Open main menu

EnglishEdit

 
English Wikipedia has an article on:
Wikipedia

EtymologyEdit

From Middle English schale (shell, husk; scale), from Old English sċealu (shell, husk, pod), from Proto-Germanic *skalō (compare West Frisian skaal (dish), Dutch schaal (shell), schalie (shale), German Schale (husk, pod)), from Proto-Indo-European *(s)kelH- (to split, cut) (compare Lithuanian skalà (splinter), Old Church Slavonic скала (skala, rock, stone), Polish skała (rock), Albanian halë (fish bone, splinter), Sanskrit कल (kalá, small part)), from to split, cleave (compare Hittite [script needed] (iškalla, to tear apart, slit open), Lithuanian skélti (to split), Ancient Greek σκάλλω (skállō, to hoe, harrow)). Doublet of scale. See also shell.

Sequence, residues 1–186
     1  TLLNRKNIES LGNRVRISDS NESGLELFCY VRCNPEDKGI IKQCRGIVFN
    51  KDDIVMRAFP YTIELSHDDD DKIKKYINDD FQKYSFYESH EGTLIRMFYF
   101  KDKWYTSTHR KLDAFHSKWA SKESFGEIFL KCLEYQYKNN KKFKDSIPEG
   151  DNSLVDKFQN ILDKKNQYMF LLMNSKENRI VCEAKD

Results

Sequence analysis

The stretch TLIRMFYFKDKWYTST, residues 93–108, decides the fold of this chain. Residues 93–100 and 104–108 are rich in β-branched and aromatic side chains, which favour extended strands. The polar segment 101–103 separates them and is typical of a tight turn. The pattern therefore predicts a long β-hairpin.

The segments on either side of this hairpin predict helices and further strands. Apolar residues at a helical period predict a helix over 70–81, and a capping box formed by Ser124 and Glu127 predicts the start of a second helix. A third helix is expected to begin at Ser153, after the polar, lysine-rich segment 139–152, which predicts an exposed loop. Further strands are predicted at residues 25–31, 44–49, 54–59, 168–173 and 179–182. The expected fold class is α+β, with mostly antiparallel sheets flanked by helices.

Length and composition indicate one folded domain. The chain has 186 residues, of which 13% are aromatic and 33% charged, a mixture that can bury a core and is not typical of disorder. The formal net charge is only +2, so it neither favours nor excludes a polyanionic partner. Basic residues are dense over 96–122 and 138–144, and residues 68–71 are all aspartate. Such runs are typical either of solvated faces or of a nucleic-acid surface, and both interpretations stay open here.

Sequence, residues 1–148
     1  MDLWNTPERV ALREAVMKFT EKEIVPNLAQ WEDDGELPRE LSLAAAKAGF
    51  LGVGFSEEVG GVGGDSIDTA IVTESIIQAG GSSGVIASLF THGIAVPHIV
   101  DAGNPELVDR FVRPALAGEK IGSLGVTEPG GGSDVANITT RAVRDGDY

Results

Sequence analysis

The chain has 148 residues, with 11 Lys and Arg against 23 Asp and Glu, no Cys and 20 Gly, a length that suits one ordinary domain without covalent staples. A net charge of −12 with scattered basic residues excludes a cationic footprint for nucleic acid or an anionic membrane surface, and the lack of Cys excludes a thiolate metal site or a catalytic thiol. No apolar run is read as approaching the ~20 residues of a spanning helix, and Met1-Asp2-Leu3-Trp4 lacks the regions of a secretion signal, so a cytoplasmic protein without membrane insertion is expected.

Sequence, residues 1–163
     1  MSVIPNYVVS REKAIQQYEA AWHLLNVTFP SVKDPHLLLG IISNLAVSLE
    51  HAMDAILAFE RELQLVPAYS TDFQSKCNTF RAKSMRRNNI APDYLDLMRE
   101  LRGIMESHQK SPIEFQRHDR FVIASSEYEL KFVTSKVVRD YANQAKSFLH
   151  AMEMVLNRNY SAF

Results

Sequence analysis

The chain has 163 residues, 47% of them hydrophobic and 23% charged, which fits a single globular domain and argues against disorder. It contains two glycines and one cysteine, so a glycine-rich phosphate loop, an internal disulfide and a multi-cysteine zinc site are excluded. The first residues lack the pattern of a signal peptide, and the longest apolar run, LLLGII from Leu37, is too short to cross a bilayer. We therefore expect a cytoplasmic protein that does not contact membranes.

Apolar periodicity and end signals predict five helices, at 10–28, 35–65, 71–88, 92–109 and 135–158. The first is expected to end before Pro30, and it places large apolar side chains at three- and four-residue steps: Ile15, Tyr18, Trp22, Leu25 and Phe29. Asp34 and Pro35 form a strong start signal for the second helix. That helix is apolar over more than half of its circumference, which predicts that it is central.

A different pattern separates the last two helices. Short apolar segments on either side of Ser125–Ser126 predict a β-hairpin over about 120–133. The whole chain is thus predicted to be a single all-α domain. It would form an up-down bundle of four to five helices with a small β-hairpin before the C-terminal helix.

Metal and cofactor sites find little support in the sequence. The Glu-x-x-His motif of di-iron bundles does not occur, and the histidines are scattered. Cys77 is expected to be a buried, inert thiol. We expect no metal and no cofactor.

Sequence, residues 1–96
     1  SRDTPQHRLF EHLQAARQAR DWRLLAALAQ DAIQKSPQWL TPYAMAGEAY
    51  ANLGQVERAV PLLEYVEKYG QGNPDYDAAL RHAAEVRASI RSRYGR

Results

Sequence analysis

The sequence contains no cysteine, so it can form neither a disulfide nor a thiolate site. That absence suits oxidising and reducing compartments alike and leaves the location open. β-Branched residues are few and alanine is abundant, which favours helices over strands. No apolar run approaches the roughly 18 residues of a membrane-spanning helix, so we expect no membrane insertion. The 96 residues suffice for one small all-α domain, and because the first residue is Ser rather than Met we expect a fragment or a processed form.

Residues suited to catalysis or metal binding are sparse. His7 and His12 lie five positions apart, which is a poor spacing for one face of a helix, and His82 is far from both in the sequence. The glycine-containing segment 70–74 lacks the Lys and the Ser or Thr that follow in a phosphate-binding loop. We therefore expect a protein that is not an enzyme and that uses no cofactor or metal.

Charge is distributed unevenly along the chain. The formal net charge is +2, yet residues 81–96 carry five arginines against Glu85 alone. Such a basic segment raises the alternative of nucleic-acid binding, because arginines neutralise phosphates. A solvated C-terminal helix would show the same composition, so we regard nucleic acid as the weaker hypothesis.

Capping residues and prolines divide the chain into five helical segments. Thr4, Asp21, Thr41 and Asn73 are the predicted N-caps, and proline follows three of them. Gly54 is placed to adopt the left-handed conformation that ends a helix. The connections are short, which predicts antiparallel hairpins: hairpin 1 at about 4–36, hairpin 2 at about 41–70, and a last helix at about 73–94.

PronunciationEdit

NounEdit

 
a shale outcrop on Mars

shale (countable and uncountable, plural shales)

  1. A shell or husk; a cod or pod.
    • Chapman
      the green shales of a bean
  2. (geology) A fine-grained sedimentary rock of a thin, laminated, and often friable, structure.
    • 2007 March 23, Patricia Leigh Brown, “The Window Box Gets Some Tough Competition”, in New York Times[1]:
      As on all large green roofs, the soil is not dirt exactly but a gravel-like growing medium of granulated pumice, shales, clays and other minerals.

Usage notesEdit

Before the mid 19th century, the terms shale, slate and schist were not sharply distinguished. Shales that are subject to heat and pressure alter into slate, then schist and finally to gneiss.

Derived termsEdit

Related termsEdit

TranslationsEdit

VerbEdit

shale (third-person singular simple present shales, present participle shaling, simple past and past participle shaled)

  1. To take off the shell or coat of.

SynonymsEdit

TranslationsEdit

AnagramsEdit


ChickasawEdit

NounEdit

shale

  1. bus